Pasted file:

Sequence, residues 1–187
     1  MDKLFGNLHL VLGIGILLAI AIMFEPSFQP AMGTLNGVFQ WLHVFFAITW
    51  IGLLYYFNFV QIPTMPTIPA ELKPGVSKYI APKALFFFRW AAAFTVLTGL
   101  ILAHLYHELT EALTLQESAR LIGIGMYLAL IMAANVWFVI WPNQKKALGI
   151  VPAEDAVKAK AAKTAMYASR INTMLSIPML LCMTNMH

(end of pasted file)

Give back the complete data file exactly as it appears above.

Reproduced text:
Sequence, residues 1–187
     1  MDKLFGNLHL VLGIGILLAI AIMFEPSFQP AMGTLNGVFQ WLHVFFAITW
    51  IGLLYYFNFV QIPTMPTIPA ELKPGVSKYI APKALFFFRW AAAFTVLTGL
   101  ILAHLYHELT EALTLQESAR LIGIGMYLAL IMAANVWFVI WPNQKKALGI
   151  VPAEDAVKAK AAKTAMYASR INTMLSIPML LCMTNMH